Quantifying the success of treatment is one major challenge of gene therapy. Research is troubled with ethical and technological challenges. With clinical drug experiments, the reason of human gene therapy experiments is determination of the safety, effectiveness, administration, and the functionality of gene therapy. Diseases are picked for experiments basing on the severity of the disorder, treatment feasibility, and prediction of success of treatment basing on animal models. Despite reasonability, it is evident that many people lack objectivity in sending their relatives for research in finding treatment for a serious condition (Strachnan & Read, 2004).

The method of determining disorders or traits warranting gene therapy is also inconclusive. Unfortunately, the difference between gene therapies to improve desirable traits and disease genes is unclear. It is irrational to argue that diseases causing suffering, disability, and death directly qualify for gene therapy. Nevertheless, there is a thin line between what is regarded as a ‘disease’ and a ‘trait’ in an otherwise healthy person, for instance, dwarfism disorder, achondroplasia, and normal shortness. Despite the fact that gene therapy for correcting potential socially unacceptable traits, or the improvement of desirable traits, may enhance life quality for a person, ethical concerns fear that gene therapy for trait improvement has negative on social norms, and thus promote discrimination towards people thought to harbor ‘undesirable’ traits. As science continues to unearth many genes, it may became impossible to define particular genetic traits considered to be diseases against the ones that should be categorized as psychological, mental, or physical traits.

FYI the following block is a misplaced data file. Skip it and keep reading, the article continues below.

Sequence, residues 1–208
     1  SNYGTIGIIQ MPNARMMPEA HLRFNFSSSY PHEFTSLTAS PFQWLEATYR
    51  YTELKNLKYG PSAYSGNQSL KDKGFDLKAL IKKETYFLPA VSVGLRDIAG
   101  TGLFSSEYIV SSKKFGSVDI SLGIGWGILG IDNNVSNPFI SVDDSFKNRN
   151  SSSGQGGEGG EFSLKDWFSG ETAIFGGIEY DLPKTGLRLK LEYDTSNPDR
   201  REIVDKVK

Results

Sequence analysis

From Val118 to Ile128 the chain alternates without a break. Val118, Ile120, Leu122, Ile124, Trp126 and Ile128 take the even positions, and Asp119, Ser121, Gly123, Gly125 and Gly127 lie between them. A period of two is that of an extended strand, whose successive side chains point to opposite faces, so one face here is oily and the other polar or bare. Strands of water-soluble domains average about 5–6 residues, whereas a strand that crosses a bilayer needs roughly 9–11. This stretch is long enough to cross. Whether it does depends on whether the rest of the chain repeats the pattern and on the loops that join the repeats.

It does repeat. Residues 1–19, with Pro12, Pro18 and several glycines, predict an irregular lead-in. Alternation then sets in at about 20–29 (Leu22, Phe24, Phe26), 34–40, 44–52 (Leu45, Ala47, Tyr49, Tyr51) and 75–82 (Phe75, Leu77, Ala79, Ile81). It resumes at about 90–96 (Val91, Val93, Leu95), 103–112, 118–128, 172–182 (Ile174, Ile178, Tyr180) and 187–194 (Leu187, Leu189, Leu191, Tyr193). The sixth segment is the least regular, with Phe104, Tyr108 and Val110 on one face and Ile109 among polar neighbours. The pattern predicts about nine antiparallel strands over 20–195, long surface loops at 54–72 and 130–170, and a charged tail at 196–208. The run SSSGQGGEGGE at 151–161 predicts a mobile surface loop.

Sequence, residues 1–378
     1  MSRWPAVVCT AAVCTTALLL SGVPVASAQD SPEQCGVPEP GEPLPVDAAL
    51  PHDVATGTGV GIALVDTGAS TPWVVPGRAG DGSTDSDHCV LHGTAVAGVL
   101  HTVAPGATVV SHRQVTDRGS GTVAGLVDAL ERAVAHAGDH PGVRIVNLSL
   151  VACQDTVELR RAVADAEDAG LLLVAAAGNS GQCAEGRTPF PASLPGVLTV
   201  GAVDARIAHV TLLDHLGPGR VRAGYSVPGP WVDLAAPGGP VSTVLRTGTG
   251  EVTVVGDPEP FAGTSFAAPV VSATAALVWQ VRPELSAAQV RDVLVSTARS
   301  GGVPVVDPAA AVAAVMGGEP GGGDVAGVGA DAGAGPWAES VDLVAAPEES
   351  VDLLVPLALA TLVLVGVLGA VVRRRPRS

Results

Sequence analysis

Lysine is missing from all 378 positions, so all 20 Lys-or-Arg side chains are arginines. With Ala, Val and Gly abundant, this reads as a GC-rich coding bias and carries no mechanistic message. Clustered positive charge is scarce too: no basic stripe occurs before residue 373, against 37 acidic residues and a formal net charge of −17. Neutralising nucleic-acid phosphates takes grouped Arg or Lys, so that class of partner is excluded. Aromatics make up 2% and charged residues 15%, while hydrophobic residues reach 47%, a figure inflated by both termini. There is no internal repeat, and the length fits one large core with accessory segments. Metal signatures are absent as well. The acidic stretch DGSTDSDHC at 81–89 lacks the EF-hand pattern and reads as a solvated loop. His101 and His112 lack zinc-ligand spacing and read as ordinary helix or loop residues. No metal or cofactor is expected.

To the current times, acceptable gene therapy clinical experiments involve somatic cell therapy that uses genes causing diseases. Nonetheless, various ethical circles are concerned that the feasibility of germ-line therapy improves, and more genes with different traits are known. There could be risks regarding which genes to be used in future therapies and trials. Particularly, it is suspected that the universal acceptance of germ-line therapy can lead to acceptance of genetic enhancement. Public concerns about the issue around germ-line therapy can therapies for genetic enhancement must continue as advancement in science goes on. This will enable full appreciation of the effectiveness of newer therapies and provision of ethical guidelines for these advancements (Strachnan & Read, 2004).

From a personal perspective, it is evident that gene therapy should be adopted despite the ethical claims, but after proper feasibility tests and gradual adoption. It is evident that death is the major issue why many ethicists consider gene therapy inappropriate. Only three patients have died during gene therapy trials. These unfortunate events have put the field under close assessment. Jesse Gelsinger’s death in 1999 was a major setback for gene therapy. Other deaths were reported in 2003 and 2007, but investigations determined that gene therapy was not the cause of the deaths. Therefore, it is important to look at gene therapy for a cost-benefit analysis, and it will be evident that the benefits of this technology far much outweigh the ethical concerns. In fact, most upheld scientific discoveries and vaccines have led to more deaths and initially appeared to go against humanity and medical ethics. Therefore, with continuing discoveries, gene therapy should be invested on and encouraged.

References

Baum C, Düllmann J, Li Z, Fehse B, Meyer J, Williams DA, von Kalle C (Mar 2003). "Side effects of retroviral gene transfer into hematopoietic stem cells". Blood 101 (6): 2099–114

Sheridan C (2011). "Gene therapy finds its niche". Nature Biotechnology 29 (2): 121–128.

Strachnan, T. and Read, A. P. (2004) Human Molecular Genetics, 3rd Edition, Garland Publishing